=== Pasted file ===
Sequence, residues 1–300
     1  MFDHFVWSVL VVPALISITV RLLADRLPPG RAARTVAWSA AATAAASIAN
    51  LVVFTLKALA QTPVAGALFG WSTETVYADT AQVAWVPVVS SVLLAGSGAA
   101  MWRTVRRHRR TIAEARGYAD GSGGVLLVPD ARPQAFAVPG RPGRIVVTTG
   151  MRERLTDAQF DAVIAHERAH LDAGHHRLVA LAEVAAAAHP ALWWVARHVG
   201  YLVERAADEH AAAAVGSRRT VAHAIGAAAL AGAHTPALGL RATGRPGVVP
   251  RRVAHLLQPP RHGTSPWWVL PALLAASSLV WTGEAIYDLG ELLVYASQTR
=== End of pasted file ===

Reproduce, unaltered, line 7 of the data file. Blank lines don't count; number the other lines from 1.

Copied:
   251  RRVAHLLQPP RHGTSPWWVL PALLAASSLV WTGEAIYDLG ELLVYASQTR